A reader in California, Gary Cawood, says he needs more information about one of the cooking tips published recently in my Sun column. “I put one of the recommendations from your article,  ‘32 things I learned about everyday cooking,’ that the Sacramento Bee published to the test by using a double boiler to scramble eggs and it didn’t go well. I am wondering if you ever published a recipe on that method of scrambling eggs. It sounded great.”

I did not previously publish a recipe for this, but will now, Gary.

Everyone: If you want fluffy, creamy scrambled eggs, you need to try the double boiler method. It takes longer than a pan scramble — so maybe not “everyday” — but well worth the time. This recipe is from my mother, the late former Rose Popolo.

I have an old aluminum Wear Ever double boiler that still does the job, though I am sure stainless steel in the upper chamber works much better. (You can rig up your own double boiler with a couple of pots of different sizes; just make sure the upper rides above the water line of the lower.)

Rose’s Double Boiler Scrambled Eggs


6 eggs

2 tablespoons butter

⅓ cup of cream or whole milk

½ cup shredded mozzarella (optional)

Or 2 tablespoons cream cheese (also optional)

Salt and pepper to taste


Bring about two inches of water to boil in the double boiler.

In a bowl, whisk the milk and eggs, add salt and pepper. (Pepper is optional).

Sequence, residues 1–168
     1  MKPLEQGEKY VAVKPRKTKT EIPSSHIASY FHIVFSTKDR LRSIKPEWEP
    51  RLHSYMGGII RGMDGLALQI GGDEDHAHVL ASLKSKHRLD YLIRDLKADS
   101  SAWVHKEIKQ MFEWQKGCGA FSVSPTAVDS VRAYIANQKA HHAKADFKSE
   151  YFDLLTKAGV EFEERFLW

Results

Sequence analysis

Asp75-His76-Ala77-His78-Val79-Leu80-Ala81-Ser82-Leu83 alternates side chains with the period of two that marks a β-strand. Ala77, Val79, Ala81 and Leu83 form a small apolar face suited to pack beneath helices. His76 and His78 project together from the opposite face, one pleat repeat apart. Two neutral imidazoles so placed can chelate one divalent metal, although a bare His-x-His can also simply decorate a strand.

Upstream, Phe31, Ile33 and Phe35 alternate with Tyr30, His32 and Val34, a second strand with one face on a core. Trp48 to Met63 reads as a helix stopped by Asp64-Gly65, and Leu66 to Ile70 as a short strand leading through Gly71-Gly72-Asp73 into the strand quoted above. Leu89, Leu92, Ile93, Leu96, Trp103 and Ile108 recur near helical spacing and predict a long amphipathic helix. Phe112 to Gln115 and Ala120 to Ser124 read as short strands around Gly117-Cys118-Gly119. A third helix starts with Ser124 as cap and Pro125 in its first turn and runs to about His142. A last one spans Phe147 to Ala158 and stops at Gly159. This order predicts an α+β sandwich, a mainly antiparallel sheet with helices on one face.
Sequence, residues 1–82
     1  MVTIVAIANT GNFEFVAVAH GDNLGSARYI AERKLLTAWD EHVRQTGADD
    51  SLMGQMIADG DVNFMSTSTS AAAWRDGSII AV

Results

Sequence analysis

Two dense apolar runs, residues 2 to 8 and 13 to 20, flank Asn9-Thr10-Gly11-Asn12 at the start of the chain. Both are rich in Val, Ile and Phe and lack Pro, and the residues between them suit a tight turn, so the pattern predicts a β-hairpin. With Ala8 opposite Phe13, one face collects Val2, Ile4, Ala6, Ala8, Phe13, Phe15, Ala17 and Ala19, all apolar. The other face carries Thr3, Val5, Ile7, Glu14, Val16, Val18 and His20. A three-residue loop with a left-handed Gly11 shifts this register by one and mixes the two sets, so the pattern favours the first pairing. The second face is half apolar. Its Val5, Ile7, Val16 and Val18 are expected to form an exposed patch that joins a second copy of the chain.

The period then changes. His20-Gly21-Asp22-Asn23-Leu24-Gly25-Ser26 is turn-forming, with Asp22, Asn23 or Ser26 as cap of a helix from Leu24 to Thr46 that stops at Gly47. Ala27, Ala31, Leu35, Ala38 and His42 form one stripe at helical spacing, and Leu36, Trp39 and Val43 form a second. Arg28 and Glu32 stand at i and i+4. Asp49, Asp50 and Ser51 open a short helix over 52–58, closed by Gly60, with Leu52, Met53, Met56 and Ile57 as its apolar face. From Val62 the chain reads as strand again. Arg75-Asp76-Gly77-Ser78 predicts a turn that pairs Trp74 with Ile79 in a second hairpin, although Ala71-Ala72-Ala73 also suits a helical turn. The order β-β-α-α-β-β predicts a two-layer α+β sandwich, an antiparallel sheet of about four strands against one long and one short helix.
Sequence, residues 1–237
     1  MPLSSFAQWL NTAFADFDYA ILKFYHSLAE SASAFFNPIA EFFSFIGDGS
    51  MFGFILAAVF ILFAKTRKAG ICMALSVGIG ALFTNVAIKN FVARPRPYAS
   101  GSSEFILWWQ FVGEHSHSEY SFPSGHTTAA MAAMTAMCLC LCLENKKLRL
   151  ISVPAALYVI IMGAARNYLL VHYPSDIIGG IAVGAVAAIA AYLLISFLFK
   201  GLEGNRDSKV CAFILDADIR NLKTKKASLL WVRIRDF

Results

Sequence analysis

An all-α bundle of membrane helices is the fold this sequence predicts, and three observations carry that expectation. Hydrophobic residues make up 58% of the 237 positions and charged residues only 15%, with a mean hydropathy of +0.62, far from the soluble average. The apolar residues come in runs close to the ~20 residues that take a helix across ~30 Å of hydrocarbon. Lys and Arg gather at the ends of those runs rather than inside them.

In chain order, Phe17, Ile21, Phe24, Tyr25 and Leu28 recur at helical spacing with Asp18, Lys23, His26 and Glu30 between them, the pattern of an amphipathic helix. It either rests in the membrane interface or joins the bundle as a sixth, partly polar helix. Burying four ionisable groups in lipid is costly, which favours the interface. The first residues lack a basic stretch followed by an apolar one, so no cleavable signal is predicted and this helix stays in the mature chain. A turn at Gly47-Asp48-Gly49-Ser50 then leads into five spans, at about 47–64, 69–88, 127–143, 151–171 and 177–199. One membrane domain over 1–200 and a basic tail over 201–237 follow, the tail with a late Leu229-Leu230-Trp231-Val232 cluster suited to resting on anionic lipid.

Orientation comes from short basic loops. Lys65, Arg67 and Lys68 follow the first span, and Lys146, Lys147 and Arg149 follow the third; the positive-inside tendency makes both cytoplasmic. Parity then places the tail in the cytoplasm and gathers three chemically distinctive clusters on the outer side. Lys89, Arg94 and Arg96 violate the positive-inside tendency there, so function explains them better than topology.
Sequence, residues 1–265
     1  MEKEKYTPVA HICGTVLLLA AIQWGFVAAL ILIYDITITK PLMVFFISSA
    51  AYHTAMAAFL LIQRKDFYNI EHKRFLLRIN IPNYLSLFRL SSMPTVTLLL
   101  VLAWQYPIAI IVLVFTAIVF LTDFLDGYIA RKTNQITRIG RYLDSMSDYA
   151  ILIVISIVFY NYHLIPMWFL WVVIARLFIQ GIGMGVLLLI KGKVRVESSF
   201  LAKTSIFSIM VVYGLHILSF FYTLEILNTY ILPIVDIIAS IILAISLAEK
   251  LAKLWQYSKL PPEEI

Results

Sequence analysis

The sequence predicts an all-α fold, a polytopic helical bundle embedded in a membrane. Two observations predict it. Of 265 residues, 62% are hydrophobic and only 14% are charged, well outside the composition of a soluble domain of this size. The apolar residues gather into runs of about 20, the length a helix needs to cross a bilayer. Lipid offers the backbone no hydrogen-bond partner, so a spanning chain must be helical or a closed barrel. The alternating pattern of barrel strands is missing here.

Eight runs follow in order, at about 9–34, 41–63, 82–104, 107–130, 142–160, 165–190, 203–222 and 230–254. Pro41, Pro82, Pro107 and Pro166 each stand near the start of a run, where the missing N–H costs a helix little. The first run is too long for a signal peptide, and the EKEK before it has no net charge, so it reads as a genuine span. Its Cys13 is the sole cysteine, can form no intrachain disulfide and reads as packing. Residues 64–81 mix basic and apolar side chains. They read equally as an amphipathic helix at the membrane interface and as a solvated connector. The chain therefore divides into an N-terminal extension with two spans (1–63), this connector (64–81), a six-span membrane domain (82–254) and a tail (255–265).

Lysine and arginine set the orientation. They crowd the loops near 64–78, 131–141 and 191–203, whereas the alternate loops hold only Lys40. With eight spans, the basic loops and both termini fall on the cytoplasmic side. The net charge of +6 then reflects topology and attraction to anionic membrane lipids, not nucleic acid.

Reduce the heat under the boiler to low.

Put the upper chamber over the lower and melt the butter inside it.

When the butter is just about fully melted, add the egg-milk mixture.

With a wooden spoon, stir the mixture gently and frequently. Make sure you do not splash the mixture too much as it might stick to the sides of the cooking chamber. Also, make sure the heat is low. You do not want water boiling and cooking your eggs too quickly. A steady steam bath might be a better way of thinking about it.

This process might take 15 minutes.

You can add the cheese when you see the eggs starting to form into curds.

Did I mention that you should stir frequently?

The eggs are finished when you get the curd consistency you want. Immediately remove from the heat.

The scrambled eggs should be soft and creamy. You can add chive maybe. You can season the eggs any way you like.

3 thoughts on “Heavenly: Scrambled eggs in a vintage double boiler

  1. Ciao Dan, I will definitely try this because I love moist, “creamy”, fluffy scrambled eggs. It appears, maybe longer, but easier to accomplish that with this double boiler method. Grazie Mille Aunt Rose “Lolly” Popolo in Heaven. Your Cousin, “Vinny”

    Liked by 1 person

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